The Finnish Greenpeace campaigner Harri Lammi thinks, it is unlikely that the parliament will give green light for the nuclear power plant. The application was considered in 1993, and it hadnt passed. I dont see any reason, why should it pass now, he said, mentioning that the majority of the Finns object to the building.
Mr Lammi said, even if the parliamentary approval is granted, it will not mean the construction start of the new NPP. The potential investors – Fortum and TVO – have not evaluated yet the cost efficiency of the project. They are going to consider the question of investment only after a positive decision is in place from the government and the parliament.
Energy production in Finland
The share of the nuclear plants in the energy market in Finland has recently somewhat increased and now amounts to about 25%. The most part of the energy is produced by the hydroelectric power plants. Also, production of energy from the wood, the by-product of the pulp and paper industry has increased its volume over the last decade by more than 70%. In 1999, wood fuels supplied 19,5 % of the Finnish energy consumption. At the same time, Finland keeps on importing Russian natural gas.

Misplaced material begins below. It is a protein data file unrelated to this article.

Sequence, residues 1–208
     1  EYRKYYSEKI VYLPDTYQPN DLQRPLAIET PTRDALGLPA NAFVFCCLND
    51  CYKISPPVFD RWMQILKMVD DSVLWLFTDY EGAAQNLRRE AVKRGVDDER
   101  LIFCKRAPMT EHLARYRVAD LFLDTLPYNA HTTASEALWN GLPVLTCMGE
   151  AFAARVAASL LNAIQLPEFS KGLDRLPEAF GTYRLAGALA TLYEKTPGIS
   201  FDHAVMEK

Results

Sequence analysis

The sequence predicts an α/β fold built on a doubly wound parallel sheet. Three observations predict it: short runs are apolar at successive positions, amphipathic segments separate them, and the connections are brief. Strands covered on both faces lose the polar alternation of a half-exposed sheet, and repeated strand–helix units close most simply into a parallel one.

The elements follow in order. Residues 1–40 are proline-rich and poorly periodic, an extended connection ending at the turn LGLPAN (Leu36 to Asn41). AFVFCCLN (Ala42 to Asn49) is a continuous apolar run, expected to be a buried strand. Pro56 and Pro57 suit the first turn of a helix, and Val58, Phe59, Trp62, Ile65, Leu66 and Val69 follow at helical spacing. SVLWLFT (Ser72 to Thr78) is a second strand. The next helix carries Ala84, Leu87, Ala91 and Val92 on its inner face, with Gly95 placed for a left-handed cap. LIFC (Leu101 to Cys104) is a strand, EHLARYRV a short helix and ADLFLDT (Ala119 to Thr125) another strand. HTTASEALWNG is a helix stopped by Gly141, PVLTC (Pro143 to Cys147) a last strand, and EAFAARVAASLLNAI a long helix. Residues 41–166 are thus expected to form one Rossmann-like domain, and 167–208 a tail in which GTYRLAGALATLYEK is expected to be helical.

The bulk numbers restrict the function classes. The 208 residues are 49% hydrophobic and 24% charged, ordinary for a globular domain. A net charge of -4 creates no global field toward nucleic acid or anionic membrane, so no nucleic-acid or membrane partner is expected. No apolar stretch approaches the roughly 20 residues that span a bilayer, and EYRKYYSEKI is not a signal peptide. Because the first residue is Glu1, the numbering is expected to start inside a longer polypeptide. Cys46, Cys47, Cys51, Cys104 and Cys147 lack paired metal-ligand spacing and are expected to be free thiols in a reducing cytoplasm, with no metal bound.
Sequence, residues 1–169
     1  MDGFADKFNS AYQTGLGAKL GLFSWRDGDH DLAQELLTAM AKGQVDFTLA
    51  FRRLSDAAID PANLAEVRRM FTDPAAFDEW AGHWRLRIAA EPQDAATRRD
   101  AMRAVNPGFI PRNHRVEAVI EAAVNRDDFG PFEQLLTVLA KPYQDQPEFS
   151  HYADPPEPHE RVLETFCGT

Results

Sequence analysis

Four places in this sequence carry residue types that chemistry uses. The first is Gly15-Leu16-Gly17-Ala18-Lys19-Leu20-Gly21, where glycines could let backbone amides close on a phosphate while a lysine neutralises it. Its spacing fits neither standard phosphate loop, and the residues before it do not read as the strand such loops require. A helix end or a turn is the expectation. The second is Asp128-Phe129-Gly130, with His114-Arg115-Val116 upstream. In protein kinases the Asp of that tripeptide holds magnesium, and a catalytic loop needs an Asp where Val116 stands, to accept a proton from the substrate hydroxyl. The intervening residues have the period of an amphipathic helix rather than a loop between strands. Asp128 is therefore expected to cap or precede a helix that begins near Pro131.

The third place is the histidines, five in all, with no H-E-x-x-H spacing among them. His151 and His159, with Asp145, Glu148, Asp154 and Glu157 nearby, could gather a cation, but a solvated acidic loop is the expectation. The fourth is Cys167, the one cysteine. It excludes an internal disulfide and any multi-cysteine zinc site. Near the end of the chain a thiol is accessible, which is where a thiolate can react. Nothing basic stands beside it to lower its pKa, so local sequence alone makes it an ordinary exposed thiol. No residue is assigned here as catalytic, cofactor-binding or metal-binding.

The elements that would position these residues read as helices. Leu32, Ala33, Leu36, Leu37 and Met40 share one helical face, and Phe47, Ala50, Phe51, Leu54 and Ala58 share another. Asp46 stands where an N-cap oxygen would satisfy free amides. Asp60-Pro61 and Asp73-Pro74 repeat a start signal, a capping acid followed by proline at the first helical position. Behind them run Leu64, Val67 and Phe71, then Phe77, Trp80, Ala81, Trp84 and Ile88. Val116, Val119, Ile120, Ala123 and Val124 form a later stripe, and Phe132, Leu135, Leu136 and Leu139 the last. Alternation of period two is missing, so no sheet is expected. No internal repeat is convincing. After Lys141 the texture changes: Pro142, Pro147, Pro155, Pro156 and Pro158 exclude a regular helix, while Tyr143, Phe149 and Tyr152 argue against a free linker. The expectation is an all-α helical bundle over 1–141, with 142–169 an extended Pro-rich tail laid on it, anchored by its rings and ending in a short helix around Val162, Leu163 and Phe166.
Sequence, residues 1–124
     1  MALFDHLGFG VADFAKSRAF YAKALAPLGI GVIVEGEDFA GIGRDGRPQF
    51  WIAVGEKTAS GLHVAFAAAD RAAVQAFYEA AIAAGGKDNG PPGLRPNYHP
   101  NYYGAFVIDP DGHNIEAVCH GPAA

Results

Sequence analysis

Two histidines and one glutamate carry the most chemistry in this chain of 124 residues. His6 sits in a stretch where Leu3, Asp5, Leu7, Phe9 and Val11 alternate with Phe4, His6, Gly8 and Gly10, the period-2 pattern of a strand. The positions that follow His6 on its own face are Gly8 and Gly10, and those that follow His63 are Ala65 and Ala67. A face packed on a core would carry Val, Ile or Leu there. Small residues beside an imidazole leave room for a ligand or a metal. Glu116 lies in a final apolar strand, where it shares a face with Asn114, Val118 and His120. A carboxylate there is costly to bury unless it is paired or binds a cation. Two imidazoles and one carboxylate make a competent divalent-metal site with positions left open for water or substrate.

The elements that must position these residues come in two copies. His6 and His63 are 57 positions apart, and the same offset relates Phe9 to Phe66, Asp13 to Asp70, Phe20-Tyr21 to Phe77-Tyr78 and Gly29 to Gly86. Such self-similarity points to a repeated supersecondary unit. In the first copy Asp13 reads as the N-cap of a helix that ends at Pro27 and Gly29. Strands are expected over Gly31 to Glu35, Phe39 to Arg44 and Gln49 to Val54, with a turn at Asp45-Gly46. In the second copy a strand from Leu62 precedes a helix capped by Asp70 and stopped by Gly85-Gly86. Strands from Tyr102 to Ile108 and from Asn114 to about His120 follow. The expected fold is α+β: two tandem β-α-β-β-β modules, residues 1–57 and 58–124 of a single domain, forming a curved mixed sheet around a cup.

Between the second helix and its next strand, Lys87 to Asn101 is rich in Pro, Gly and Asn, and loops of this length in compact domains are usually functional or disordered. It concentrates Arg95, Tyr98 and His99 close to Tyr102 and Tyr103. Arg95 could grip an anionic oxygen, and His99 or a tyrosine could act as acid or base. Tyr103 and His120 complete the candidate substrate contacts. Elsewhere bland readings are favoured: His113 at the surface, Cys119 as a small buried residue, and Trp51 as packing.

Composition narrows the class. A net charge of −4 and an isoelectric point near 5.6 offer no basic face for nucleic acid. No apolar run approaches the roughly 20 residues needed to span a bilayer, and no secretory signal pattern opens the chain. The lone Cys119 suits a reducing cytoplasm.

The capacity of Olkiluoto nuclear plant has been recently boosted by 23%. The plant operates on two 660 MW Swedish boiling water reactors, commissioned in 1978 and 1980. It is now licensed to operate until 2018. Loviisa nuclear plant, built by the Soviet engineers, operates two VVER-440 reactors, has increased output by almost 100 MWe (11%).
Near the Finnish border two Russian plants – Kola NPP (four VVER-440) and Leningrad NPP are situated (four RBMK-1000). Reactors of Leningrad NPP are considered especially dangerous on account of their Chernobyl-like design characteristics. Different variants of building new reactor units are being considered now, among the projects are a new type MKER-1000 reactor, or two VVER-1500 reactors.
According to the Finnish Ministry of Foreign Affairs, during the last decade, Finland has allocated more than FM 800m for the transboundary cooperation programmes, pertaining to environmental protection, nuclear safety, forestry and agriculture.